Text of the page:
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The Tapestry Book, by Helen... - Yesterday Image

The Tapestry Book, by Helen... - Yesterday Image


The Tapestry Book, by Helen Churchill Candee. 72 of 196 03/03/2009 19:16 unequalled for technical perfection, but to instruct local weavers. These two important weavers were Nicholas and John Karcher or Carcher as it is sometimes spelled, names of great renown—for a weaver might be almost as well known and as highly esteemed as the artist of the cartoons in those days when artisan’s labour had not been despised by even the great Leonardo. The foremost artist of the Ferrara works was chosen from that city, Battista Dosso, but also active as designer was the Fleming, Lucas Cornelisz. In Dosso’s work is seen that exquisite and dainty touch that characterises the artists of Northern Italy in their most perfect period, before voluptuous masses and heavy scroll-like curves prevailed even in the drawing of the human figure. See larger image THE ANNUNCIATION Italian Tapestry. Fifteenth Century. Collection of Martin A. Ryerson, Esq., Chicago The House of Este had a part to play in the visit of the Emperor Charles V when he elected to be crowned with Lombardy’s Iron Crown, in 1530, at Bologna instead of in the cathedral at Monza where the relic has its home. “Crowns run after me; I do not run after them,” he said, with the arrogance of success. At this reception at Bologna we catch a glimpse of the brilliant Isabella d’Este amid all the magnificence of the occasion. It takes very little imagination to picture the effect of the public square at Bologna—the same buildings that stand to-day—the square of the Palazzo Publico and the Cathedral—to fancy these all hung with the immense woven pictures with high lights of silk and gold glowing in the sun, and through this magnificent scene the procession of mounted guards, of beautiful ladies, of church dignitaries, with Charles V as the central object of pomp, wearing as a clasp to the cope of state the great diamond found on the field of Marat after the defeat of the Duke of Burgundy. The members of the House of Este were there with their courts and their protégés, their artists and their literati, as well as with their display of riches and gaiety. The manufactory at Ferrara was now allowed to sell to the public, so great was its success, and to it is owed the first impetus given to the weaving in Italy and the production of some of the finest hangings which time has left for us to enjoy to-day. It is a sad commentary on man’s lust of novelty that the factory at Ferrara was ultimately abandoned by reason of the introduction into the country of the brilliant metalilluminated leathers of Cordova. The factory’s life was comprised within the space of the years 1534 to 1597, the years in which lived Ercole II and Alfonso II, the two dukes of the House of Este who established and continued it.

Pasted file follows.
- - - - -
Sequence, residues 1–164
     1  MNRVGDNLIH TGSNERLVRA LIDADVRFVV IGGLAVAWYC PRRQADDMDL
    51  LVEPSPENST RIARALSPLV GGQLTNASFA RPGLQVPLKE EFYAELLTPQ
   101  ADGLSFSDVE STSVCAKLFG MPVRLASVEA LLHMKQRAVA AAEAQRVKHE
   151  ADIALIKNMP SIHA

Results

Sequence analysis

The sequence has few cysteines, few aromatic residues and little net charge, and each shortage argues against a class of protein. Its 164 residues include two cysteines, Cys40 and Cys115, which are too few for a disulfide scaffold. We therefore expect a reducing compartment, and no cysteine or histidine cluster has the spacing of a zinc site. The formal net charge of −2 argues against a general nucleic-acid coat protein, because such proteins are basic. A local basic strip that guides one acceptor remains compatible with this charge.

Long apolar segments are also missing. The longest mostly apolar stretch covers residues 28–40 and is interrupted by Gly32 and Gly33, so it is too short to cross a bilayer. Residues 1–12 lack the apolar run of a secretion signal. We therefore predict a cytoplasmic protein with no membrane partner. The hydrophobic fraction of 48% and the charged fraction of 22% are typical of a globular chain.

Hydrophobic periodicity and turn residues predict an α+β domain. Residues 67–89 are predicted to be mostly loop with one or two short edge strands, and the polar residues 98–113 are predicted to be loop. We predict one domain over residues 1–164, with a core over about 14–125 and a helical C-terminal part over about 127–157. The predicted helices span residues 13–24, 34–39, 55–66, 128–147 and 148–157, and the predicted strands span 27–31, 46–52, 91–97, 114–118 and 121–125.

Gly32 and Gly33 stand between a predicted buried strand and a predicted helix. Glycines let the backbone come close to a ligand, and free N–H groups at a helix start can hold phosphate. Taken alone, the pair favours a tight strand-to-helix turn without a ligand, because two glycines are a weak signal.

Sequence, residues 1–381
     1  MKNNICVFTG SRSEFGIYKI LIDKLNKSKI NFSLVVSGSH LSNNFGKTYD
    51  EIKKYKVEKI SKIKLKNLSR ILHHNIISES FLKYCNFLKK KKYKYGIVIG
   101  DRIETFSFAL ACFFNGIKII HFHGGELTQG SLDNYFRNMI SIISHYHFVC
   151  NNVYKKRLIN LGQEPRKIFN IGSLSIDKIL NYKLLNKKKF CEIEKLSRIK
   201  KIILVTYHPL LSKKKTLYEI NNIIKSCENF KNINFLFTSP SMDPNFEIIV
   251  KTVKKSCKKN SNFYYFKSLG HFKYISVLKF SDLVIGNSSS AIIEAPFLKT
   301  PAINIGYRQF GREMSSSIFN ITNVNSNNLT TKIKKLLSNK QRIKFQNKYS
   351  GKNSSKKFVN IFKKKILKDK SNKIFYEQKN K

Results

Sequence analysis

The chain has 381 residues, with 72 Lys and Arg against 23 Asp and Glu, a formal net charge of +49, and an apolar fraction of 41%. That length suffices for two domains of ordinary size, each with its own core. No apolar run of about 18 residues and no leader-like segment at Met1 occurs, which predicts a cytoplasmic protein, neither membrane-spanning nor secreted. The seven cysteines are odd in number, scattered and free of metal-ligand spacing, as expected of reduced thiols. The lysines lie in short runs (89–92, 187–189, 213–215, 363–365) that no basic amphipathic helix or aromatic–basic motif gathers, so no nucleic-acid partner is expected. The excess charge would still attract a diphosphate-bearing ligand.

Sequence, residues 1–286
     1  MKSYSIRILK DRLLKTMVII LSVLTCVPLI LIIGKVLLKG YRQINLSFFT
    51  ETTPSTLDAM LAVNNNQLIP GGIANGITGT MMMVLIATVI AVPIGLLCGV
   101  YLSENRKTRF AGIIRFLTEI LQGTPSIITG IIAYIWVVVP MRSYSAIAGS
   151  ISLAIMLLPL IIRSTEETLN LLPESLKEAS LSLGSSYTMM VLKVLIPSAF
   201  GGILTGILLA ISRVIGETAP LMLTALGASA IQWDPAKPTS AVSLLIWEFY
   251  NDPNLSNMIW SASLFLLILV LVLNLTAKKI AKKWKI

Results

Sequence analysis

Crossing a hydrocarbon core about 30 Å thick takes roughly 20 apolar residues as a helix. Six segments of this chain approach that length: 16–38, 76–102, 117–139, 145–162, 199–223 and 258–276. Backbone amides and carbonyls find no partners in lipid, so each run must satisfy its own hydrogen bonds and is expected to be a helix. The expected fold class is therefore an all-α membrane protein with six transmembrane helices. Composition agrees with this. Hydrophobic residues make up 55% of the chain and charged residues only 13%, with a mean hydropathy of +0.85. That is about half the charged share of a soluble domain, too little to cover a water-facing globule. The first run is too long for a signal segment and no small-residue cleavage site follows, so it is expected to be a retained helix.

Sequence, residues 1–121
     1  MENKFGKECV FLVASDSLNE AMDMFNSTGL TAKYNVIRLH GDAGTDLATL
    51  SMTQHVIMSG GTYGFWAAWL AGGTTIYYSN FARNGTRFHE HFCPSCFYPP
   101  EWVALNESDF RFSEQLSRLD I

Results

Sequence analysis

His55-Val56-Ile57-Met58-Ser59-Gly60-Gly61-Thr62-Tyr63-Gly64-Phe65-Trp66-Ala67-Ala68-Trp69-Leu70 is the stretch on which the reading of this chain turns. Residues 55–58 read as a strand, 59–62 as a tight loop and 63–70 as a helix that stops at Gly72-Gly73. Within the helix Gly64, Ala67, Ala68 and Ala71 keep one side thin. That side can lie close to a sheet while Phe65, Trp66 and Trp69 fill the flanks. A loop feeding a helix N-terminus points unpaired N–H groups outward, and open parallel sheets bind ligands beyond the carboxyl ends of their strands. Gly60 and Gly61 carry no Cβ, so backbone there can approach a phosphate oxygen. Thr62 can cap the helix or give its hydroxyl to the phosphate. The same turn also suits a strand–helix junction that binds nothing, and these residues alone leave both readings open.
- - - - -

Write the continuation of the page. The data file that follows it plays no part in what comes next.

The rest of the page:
The Tapestry Book, by Helen Churchill Candee. 73 of 196 03/03/2009 19:16 It was but little wonder that the great family of the Medici looked with envious eyes on any innovation or success which distinguished a family which so nearly approached in importance its own. When Ercole d’Este had fully proved the perfection of his new industry, the weaving of tapestry, one of the Medici established for himself a factory whereby he, too, might produce this form of art, not only for the furtherance of the art, but to supply his own insatiable desires for possession. The Arazzeria Medicea was the direct result of the jealousy of Cosimo I, Grand Duke of Tuscany, 1537-1574. It was established in Florence with a success to be anticipated under such powerful protection, and it endured until that patronage was removed by the extinction of the family in 1737. It was to be expected that the artists employed were those of note, yet in the general result, outside of delicate grotesques, the drawing is more or less the far-away echo of greater masters whose faults are reproduced, but whose inspiration is not obtainable. After Michael Angelo, came a passion for over-delineation of over-developed muscles; after Raphael—came the debased followers of his favourite pupil, Giulio Romano, who had himself seized all there was of the carnal in Raphael’s genius. But if there is something to be desired in the composition and line of the cartoons of the Florentine factory, there is nothing lacking in the consummate skill of the weavers. See larger image ITALIAN TAPESTRY. MIDDLE OF SIXTEENTH CENTURY Cartoon by Bacchiacca. Woven by Nicholas Karcher

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